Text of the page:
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Piercing the Corporate Veil

Typically, shareholders (owners) of a corporation are not personally liable for the activities or obligations of the corporation (excluding the value of their investment in the corporation) unless they personally guarantee the corporation’s obligations.  The same holds true for the corporation’s officers and directors.  The rationale behind this approach is that a corporation is a separate legal entity; therefore, the liability for the corporation’s acts and obligations should remain at the corporate level.

One noted exception to this rule is the concept of piercing the corporate veil.  In instances where the corporate form is so ignored, controlled, or manipulated that it is merely the instrumentality of another (i.e., the individual shareholder or shareholders), courts will pierce the corporate veil and hold the individual shareholders and/or officers personally liable.

In Indiana, there are eight factors considered when deciding whether to pierce the corporate veil: 

1.     undercapitalization;

2.     absence of corporate records;

3.     fraudulent representation by corporation shareholders or directors;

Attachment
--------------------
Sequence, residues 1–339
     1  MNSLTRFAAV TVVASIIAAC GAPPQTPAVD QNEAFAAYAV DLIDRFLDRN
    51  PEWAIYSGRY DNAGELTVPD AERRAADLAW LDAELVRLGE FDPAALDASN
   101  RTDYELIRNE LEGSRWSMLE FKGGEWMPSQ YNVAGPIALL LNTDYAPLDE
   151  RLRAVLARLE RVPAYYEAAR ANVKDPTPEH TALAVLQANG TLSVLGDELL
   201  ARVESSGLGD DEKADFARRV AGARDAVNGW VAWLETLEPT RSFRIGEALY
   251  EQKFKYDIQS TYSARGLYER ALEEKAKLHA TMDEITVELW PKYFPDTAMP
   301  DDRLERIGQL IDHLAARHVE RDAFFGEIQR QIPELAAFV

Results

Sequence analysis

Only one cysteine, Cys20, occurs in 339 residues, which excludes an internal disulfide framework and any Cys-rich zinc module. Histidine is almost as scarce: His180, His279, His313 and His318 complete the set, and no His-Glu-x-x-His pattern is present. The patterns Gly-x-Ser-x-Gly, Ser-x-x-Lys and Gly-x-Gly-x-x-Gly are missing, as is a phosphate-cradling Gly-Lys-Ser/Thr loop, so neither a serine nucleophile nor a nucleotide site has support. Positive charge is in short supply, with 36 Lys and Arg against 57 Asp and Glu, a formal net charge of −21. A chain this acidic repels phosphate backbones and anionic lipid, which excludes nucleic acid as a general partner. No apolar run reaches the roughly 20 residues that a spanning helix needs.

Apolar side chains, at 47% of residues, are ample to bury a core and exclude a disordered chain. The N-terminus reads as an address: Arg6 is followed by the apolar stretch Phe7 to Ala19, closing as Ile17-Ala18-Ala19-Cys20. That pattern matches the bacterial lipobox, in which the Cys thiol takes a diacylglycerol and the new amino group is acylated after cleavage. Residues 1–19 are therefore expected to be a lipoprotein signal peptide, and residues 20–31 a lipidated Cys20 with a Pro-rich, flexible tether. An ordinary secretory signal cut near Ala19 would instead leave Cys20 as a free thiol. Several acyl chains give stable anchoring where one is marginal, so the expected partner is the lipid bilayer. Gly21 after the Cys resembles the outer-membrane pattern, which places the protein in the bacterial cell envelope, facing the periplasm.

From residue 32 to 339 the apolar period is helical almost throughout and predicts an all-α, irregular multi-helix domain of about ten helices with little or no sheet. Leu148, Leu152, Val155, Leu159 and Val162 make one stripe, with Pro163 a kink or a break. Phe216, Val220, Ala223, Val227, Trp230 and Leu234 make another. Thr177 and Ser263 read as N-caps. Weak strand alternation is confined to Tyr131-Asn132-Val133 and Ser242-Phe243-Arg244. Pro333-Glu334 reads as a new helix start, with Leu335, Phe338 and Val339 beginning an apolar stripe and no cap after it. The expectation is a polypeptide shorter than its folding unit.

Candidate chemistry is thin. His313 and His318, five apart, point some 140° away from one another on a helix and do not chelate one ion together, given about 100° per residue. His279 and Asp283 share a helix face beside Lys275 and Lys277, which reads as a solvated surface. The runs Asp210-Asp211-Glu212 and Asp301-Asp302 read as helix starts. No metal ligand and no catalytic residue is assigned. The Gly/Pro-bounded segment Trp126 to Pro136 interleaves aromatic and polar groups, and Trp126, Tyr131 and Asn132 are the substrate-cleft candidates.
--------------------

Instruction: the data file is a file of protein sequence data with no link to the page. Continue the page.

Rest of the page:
4.     use of the corporation to promote fraud, injustice or illegal activities;

5.     payment by the corporation of individual obligations;

6.     commingling of assets and affairs;

7.     failure to observe required corporate formalities; or

8.     other shareholder acts or conduct ignoring, controlling, or manipulating the corporate form.

While no single factor is controlling, if the aggrieved party can show enough of a connection between the misuse of the corporate form and the harm suffered, courts will pierce the corporate veil and hold the individual owners and/or officers personally liable.  In instances where the corporation has no assets, this can be a very big tool for those seeking recovery.  As such, it very important for business owners and officers to guard against piercing claims by ensuring that proper corporate formalities are followed.